The latest financial results from JSE-listed Blue Label Telecoms, for the year ended May 2014, provide insight into just how challenging telecommunications operator MTN is finding the intensified levels of competition in South Africa’s mobile market.
Blue Label is by far South Africa’s largest distributor of prepaid airtime, and so its sales in this space largely reflect the performance, at least in the prepaid market, of the country’s four mobile operators.
In the past six months, MTN’s share of the rand value of outgoing prepaid airtime sales for Blue Label has fallen to 29% from 32%, while Cell C has increased its share from 17% to 19%. Vodacom has remained steady at 50%, while Telkom Mobile’s contribution doubled from 1% to 2%.
“This has to be an indication of what is going on in South Africa,” says Blue Label co-CEO Brett Levy. “Something is cooking in the South African telco market.”
About 85% of Blue Label’s airtime sales are through informal channels, mainly in rural parts of South Africa. The rest come through formal channels, such as the big supermarket groups.
Levy says the fall in MTN’s market share in the past six to 12 months is “significant”. Though it’s fallen by three percentage points in the past six months, the decline over the past year has been even more precipitous, tumbling from 36%, or seven percentage points.
“That is coming off a very large number,” says Levy.
Cell C appears to have picked up most of MTN’s share.
However, Telkom Mobile is executing better on its strategy by doubling its market share, albeit off a small base, Levy says.
“Cell C, from our point of view, is fighting on the streets. It has become the consumer champion. MTN finds itself in a much more difficult position and has a lot to do in the next 12 months.”
MTN said earlier this month that it is “cautiously optimistic” that it has turned the corner in its South African operation after reporting 400 000 net subscriber additions in July.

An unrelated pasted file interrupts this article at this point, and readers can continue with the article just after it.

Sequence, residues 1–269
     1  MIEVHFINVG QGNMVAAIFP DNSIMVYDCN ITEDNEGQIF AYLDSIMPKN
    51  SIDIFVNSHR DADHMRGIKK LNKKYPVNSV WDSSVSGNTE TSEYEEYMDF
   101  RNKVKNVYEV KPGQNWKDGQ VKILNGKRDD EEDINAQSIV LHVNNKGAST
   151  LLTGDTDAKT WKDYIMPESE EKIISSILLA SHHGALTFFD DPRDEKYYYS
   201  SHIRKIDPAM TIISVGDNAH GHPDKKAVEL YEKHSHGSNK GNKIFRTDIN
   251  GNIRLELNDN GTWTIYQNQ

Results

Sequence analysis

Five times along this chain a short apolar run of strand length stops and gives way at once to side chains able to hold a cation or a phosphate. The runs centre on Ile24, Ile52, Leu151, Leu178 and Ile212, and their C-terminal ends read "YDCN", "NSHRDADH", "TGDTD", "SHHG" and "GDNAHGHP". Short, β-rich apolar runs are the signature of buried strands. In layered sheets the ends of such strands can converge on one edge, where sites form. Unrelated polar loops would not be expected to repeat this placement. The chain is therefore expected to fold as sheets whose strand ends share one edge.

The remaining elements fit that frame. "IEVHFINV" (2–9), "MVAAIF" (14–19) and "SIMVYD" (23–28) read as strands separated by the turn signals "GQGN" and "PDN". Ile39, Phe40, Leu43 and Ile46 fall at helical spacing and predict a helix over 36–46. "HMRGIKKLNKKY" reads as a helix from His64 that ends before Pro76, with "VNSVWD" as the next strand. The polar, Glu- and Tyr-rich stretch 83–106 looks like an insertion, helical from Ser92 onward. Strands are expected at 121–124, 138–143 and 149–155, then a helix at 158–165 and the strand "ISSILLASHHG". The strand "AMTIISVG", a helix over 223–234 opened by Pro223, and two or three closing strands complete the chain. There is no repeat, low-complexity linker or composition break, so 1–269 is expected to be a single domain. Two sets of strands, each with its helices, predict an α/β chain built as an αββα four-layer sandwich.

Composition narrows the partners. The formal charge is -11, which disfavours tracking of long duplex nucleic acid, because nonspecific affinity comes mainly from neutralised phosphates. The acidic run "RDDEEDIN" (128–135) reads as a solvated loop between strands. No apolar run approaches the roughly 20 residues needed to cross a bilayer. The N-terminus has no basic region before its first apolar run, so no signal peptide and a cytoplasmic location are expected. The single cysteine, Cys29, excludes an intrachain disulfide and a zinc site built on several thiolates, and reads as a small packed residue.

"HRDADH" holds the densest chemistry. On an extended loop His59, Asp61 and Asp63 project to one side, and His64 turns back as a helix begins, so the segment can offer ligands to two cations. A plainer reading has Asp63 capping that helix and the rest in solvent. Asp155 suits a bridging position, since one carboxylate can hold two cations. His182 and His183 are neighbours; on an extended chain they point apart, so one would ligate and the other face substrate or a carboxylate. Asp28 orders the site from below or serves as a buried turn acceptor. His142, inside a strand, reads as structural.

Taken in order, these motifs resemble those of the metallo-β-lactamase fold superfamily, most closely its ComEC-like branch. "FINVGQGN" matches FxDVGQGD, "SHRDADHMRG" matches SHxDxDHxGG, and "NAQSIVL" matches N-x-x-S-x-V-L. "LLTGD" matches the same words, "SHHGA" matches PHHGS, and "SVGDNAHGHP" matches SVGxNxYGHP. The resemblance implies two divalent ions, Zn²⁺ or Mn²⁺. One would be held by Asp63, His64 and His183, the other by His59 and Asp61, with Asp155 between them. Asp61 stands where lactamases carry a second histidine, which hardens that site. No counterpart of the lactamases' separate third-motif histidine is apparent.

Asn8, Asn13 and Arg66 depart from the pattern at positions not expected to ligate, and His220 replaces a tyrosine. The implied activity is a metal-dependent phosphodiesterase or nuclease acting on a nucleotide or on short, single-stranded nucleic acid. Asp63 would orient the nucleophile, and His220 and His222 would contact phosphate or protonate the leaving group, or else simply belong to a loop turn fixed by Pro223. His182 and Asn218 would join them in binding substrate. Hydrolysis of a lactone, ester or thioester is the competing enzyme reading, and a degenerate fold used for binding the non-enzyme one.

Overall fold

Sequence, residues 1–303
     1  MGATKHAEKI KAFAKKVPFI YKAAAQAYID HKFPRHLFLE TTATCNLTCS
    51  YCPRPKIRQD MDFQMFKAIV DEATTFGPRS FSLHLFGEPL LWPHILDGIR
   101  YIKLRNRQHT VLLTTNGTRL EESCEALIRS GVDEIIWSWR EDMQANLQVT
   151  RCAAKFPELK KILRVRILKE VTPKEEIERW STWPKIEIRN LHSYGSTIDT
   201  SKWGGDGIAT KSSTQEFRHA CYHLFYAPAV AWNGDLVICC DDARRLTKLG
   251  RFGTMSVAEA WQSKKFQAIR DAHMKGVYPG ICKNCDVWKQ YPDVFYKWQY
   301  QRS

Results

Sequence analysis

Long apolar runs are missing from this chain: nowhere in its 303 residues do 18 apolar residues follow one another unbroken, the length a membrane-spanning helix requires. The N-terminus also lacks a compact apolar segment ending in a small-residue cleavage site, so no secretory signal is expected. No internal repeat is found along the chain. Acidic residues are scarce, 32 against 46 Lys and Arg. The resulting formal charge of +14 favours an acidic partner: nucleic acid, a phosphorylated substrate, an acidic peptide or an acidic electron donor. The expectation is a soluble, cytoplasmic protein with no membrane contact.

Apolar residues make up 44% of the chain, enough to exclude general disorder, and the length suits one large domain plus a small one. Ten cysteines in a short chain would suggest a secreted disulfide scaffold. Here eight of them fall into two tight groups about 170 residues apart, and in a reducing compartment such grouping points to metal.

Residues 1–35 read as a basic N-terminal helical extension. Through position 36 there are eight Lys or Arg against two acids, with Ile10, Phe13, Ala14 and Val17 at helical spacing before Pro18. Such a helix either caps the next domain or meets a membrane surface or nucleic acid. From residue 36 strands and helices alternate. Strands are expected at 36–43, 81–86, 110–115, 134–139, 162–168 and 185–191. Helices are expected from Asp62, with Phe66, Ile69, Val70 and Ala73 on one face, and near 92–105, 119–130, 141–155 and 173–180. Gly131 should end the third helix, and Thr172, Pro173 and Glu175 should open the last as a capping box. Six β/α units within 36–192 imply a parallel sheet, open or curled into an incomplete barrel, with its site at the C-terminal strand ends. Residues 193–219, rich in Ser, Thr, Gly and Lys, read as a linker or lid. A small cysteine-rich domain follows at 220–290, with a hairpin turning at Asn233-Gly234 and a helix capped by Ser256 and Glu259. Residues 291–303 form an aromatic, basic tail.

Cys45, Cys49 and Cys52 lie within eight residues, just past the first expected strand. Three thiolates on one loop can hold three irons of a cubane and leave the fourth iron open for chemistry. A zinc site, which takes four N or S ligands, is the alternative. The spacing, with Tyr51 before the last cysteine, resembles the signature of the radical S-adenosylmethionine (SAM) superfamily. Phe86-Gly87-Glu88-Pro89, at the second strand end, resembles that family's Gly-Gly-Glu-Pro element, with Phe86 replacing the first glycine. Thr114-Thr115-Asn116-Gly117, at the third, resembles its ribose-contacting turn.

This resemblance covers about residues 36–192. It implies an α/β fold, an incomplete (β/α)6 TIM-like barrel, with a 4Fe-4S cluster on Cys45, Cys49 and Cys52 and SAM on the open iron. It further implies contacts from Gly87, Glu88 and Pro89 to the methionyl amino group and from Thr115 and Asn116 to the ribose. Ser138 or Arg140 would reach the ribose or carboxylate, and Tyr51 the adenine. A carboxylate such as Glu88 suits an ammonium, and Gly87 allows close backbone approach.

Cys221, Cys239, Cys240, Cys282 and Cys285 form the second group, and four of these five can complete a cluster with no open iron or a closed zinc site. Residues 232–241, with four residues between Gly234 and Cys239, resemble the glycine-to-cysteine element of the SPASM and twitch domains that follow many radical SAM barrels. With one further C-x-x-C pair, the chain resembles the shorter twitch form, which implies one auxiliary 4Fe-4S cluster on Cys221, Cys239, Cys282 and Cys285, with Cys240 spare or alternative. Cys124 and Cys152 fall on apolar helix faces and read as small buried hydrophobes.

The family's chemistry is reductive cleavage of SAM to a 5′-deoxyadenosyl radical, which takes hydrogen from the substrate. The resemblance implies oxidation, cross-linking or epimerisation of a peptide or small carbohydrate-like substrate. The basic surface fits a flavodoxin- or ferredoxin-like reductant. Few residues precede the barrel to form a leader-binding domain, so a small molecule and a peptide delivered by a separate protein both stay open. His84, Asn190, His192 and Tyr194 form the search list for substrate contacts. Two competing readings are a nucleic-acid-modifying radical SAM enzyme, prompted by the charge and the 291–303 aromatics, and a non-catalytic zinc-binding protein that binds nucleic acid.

For the six months to 30 June 2014, MTN South Africa’s revenue slumped by 7% and its profit margin, measured before interest, tax, depreciation and amortisation, slid by 1,5 percentage points to 33,3%.
Cuts to mobile call termination rates — the fees operators charge each other to carry calls between their networks — also hit the operation hard.
The improvement in net additions in July followed a positive second quarter, where South Africa added 394 000 customers. But this wasn’t enough to counter a decline of 825 000 in the first quarter as consumers opted for other networks.
The Blue Label numbers exclude contract customers, which are more lucrative for the operators, particularly for MTN and Vodacom, which were licensed earlier and so were able to sign up high-spending early adopters.
Levy says South Africa’s telecoms landscape has changed dramatically in the past year. Operators are under enormous margin pressure, but “pricing is coming down to a more reasonable level” and this is “playing into consumers’ hands”, he says.
He adds that the changing landscape is going to play into Blue Label’s strategy. “The greatest asset a network can have in the next 10 years is to have the best distribution channel … and this is how we have set ourselves up.”
The company has spent R92m in the past 12 months to make itself “more relevant in the prepaid space”. This has included getting “foot soldiers” and sales trucks on the streets in both urban and rural areas to sell its prepaid products. — © 2014 NewsCentral Media